14. C H A P T E R 1 8 291 Collision Detection formance gains. The final solution provides fast and accurate collision detection be- tween the car and the world walls. Once you have the solution from Chapter 14 open, add a code file named Vertices.cs to create a series of PositionColor vertices for drawing a sphere using line strips. The vertices are arranged in a grid of slices or columns and stacks, which are rows. You need to add this code to the Vertices.cs file to generate your sphere vertices: using System; using Microsoft.Xna.Framework; using Microsoft.Xna.Framework.Graphics; namespace MGHGame{ public class SphereVertices{ private Color color; private int numPrimitives; private Vector3 offset = Vector3.Zero; public SphereVertices(Color vertexColor, int totalPrimitives, Vector3 position){ offset = position; color = vertexColor; numPrimitives = totalPrimitives; } public VertexPositionColor[] InitializeSphere(int numSlices, int numStacks, float radius){ Vector3[] position = new Vector3[(numSlices + 1) * (numStacks + 1)]; float angleX, angleY; float rowHeight = MathHelper.Pi / numStacks; float colWidth = MathHelper.TwoPi / numSlices; float X, Y, Z, W; // generate horizontal rows (stacks in sphere) for (int stacks = 0; stacks
  15. 292 MICROSOFT XNA GAME STUDIO CREATOR’S GUIDE X = W * (float)Math.Sin(angleY); Z = W * (float)Math.Cos(angleY); // position sphere vertices at offest from origin position[stacks * numSlices + slices] = new Vector3(X+offset.X, Y+offset.Y, Z+offset.Z); } } int i = -1; VertexPositionColor[] vertices = new VertexPositionColor[2 * numSlices * numStacks]; // index vertices to draw sphere for (int stacks = 0; stacks < numStacks; stacks++){ for (int slices = 0; slices < numSlices; slices++){ vertices[++i] = new VertexPositionColor( position[stacks * numSlices + slices], color); vertices[++i] = new VertexPositionColor( position[(stacks + 1) * numSlices + slices], color); } } return vertices; } } } Now that the vertex building code is in place, you need to add another code file called Sphere.cs to generate a list of bounding spheres. When the SHOW constant is set to true in the game class, vertex data is generated for drawing the spheres. If SHOW is set to false, the vertex data is not generated. In either case, though, the AddSphere() routine generates a dynamic list of spheres for each group that is rep- resented by an instance of the Sphere class: using System; using System.Collections.Generic; using Microsoft.Xna.Framework; using Microsoft.Xna.Framework.Graphics; namespace MGHGame{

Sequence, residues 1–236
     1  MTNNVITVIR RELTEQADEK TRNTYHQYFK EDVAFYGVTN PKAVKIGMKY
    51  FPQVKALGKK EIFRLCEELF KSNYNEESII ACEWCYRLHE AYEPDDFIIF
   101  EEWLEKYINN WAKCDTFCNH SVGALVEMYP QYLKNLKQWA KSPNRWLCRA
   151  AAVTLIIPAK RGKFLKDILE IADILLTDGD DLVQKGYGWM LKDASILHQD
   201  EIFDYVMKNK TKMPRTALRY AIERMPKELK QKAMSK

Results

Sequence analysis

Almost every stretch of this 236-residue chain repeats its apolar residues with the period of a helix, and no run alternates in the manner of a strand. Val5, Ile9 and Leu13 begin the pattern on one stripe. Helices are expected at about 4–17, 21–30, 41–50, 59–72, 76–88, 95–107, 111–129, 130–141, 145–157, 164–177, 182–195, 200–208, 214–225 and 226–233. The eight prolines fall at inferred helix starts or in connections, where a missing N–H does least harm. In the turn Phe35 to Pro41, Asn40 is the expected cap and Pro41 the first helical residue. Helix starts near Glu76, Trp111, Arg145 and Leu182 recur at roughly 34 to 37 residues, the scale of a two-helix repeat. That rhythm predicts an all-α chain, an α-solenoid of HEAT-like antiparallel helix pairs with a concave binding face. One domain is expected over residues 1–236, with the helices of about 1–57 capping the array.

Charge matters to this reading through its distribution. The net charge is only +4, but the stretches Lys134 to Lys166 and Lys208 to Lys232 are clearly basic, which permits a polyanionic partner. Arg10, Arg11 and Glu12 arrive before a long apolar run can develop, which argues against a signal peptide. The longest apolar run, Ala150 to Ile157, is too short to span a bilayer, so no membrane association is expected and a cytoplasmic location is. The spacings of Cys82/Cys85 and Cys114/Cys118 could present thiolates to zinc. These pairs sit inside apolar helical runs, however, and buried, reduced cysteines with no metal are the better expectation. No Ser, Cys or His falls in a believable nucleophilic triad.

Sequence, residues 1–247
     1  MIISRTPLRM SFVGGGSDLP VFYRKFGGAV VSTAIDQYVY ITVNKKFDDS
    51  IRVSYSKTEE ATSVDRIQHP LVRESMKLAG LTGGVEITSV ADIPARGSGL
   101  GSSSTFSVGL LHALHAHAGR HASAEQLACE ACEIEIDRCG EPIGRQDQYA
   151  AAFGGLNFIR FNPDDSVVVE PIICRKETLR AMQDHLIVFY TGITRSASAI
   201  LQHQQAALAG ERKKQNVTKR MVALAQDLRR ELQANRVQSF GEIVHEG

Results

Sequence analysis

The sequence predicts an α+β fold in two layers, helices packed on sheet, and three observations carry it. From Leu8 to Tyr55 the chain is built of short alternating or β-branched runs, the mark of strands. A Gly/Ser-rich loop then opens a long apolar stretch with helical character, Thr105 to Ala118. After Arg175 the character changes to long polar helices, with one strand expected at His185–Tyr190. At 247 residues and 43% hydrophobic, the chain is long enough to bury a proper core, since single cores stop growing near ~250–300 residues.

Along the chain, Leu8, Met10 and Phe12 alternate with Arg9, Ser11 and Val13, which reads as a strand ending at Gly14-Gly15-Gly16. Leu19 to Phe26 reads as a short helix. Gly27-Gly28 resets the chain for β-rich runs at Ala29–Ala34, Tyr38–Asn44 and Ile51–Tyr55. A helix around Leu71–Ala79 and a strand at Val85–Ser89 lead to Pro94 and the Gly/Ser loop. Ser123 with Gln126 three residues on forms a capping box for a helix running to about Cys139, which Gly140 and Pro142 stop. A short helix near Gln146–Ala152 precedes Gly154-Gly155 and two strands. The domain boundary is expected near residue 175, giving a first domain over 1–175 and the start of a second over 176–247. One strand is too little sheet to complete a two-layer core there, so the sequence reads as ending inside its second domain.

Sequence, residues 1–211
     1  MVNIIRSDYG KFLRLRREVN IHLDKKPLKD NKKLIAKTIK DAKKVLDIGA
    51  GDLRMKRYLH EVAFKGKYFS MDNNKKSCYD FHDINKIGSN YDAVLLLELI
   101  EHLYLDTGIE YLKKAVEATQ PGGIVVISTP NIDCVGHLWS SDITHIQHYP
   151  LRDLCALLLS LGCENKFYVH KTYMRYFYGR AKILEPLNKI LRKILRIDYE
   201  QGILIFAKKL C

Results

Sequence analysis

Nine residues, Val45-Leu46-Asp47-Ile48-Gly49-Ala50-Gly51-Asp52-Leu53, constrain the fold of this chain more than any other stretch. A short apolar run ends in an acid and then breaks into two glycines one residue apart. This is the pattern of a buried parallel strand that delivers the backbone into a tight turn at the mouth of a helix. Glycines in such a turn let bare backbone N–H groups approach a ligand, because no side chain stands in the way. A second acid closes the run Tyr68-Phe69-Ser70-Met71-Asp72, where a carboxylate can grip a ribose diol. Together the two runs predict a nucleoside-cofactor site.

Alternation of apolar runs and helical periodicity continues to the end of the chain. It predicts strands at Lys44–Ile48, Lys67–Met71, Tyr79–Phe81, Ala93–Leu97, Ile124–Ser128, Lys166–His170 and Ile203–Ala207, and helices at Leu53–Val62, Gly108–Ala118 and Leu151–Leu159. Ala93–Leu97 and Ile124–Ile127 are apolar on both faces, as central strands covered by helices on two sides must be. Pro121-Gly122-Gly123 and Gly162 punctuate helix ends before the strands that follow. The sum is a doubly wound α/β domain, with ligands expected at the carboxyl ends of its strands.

16. C H A P T E R 1 8 293 Collision Detection public struct SphereData{ public VertexPositionColor[] vertices; public BoundingSphere boundingSphere; } class Sphere{ const int SLICES = 10; const int STACKS = 10; public List sphere = new List(); private int numPrimitives = 0; public int PrimitiveCount { get { return numPrimitives; } } public PrimitiveType primitiveType = PrimitiveType.LineStrip; private Color vertexColor = Color.White; private bool show; public bool Show { get { return show; } } public Sphere(bool showSphere){ show = showSphere; } public void AddSphere(float radius, Vector3 position, Color color){ SphereData sphereData = new SphereData(); sphereData.boundingSphere.Center = position; sphereData.boundingSphere.Radius = radius; if (show){ numPrimitives = SLICES * STACKS * 2 - 1; SphereVertices sphereVertices = new SphereVertices(color, numPrimitives, position); sphereData.vertices = sphereVertices.InitializeSphere(SLICES,STACKS, radius); } sphere.Add(sphereData); } } } Our sphere group objects and corresponding lists are initialized from the game class. Each list of spheres is associated with one separate collision object. For example,